Tick Repellent Recommendations

Select A Campground That Carries Out Tick-Spraying

Nowadays, many campgrounds routinely spray for ticks. It makes sense to pick one of these campgrounds if you’re camping in a region where Lyme disease is a danger. Since it is rarely indicated on websites, you’ll probably need to phone the campground to receive this information.

Set Up Your Tent In A Bright & Open Area

Ticks love shaded, moist environments because they dry off rapidly. You’ll be able to prevent ticks more effectively if you set up camp in a bright spot, even though you might also like some shade over your tent. In order to avoid ticks, set up your tent in a clear place away from tall grass or piles of leaves.

Always Carry Chairs With You

On the ground or the logs you sit on, ticks can be hiding. To lessen the chance that ticks will attach themselves to you, think about carrying camping chairs.

Carry A Firewood Instead Of Gathering It

As you collect wood for your bonfire, ticks might easily land on you. Think about investing in firewood instead. In certain campgrounds, it is also necessary and is beneficial for the ecology.

Avoid Cutting Corners While At Camp

Instead, stay on the well-kept paths because ticks are less likely to be hiding there. Taking short cuts is bad camping manners regardless.

Maintain A Tucked-In Appearance

Keeping your garments tucked in is one of the most natural strategies to avoid being bitten by ticks. There won’t be as many spots for ticks to latch onto you. Additionally, tucking in delays the ticks’ ability to attach to your skin and attack you.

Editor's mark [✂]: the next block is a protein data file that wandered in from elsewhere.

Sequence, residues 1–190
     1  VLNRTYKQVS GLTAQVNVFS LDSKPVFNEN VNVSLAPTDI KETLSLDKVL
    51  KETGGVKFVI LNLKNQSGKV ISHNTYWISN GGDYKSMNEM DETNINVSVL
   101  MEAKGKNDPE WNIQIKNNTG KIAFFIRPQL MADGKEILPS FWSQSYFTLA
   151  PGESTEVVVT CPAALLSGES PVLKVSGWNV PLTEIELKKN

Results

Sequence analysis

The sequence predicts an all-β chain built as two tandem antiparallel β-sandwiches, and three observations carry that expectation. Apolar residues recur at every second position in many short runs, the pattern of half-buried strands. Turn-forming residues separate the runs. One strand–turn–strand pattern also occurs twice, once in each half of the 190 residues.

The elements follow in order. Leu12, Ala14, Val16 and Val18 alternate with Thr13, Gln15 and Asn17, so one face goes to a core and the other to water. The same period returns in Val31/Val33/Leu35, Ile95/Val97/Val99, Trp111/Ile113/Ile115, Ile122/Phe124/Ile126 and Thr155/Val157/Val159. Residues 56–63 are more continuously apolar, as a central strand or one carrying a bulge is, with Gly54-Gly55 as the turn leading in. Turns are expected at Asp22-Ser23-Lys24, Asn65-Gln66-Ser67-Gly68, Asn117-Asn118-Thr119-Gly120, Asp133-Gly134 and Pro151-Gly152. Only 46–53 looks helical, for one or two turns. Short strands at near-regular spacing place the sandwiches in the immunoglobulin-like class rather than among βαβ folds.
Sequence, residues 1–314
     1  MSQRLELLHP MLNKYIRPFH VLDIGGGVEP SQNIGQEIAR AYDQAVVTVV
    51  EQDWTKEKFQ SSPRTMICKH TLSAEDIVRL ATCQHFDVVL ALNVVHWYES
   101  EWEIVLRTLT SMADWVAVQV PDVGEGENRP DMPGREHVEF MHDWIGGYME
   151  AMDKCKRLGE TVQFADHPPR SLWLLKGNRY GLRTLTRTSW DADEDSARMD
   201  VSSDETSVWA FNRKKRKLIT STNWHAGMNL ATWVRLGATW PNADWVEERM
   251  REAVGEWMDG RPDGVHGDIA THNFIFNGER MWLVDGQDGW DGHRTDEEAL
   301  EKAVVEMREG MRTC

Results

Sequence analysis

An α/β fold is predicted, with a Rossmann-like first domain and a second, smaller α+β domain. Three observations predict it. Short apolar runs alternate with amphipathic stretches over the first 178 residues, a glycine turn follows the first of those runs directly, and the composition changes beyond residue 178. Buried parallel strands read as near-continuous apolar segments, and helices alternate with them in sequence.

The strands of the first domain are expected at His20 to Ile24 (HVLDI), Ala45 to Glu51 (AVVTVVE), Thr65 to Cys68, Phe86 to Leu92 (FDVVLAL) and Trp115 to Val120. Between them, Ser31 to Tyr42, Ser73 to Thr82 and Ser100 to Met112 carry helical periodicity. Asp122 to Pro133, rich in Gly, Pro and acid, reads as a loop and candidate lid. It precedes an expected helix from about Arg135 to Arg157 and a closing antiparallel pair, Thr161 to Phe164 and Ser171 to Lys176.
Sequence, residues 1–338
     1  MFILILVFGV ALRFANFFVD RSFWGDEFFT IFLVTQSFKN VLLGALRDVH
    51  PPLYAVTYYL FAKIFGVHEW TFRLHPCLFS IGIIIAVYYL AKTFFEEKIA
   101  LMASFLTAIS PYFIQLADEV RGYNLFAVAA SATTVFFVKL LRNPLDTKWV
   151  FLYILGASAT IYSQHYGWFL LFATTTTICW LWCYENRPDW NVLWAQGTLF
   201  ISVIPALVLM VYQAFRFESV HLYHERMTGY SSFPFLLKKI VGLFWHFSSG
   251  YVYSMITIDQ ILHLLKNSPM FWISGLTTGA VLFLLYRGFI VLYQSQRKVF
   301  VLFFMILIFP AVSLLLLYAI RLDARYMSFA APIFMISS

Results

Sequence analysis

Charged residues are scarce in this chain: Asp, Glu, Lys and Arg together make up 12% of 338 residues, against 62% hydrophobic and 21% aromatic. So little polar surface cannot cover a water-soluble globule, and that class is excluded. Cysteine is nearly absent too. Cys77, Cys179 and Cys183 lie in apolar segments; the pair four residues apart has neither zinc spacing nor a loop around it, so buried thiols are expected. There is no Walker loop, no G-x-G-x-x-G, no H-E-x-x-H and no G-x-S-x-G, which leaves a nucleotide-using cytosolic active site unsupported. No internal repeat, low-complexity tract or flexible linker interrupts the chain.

Pack-Up Your Dirty Clothes

Ticks are simple to carry inside the tent on your clothing. Don’t change your clothes inside the tent to prevent ticks from entering. To ensure that any ticks on the garment are captured, place dirty clothes inside a sealed plastic bag. Do the laundry and dry the clothes when you arrive home. Permethrin should be applied to any clothing that will be worn repeatedly while camping, such as hiking trousers or jackets.

Treat Your Dogs Before The Camping Trip

Your dog generally won’t be as careful to avoid tick-friendly areas as you are. Your dog’s ticks may easily land in the tent or on you. Apply a tick repellent to your dog before your camping trip to protect both you and your pet. In order to treat any bites, you’ll also want to make sure your dog’s first aid kit is filled.

Frequent Checks On Ticks

You can’t entirely keep ticks out of your campground, no matter how careful you are. When camping, thoroughly check for ticks at least twice each day. I often conduct the check as I get ready in the morning and once more before it gets too dark. Every time I stop on a walk, I’ve developed the practise of looking for ticks in prominent spots like my hips, armpits and ankles. Frequently, I can see the ticks before they have a chance to bite. I always have a tick removal tool with me in case one has attached itself.

Tick Tool Recommendations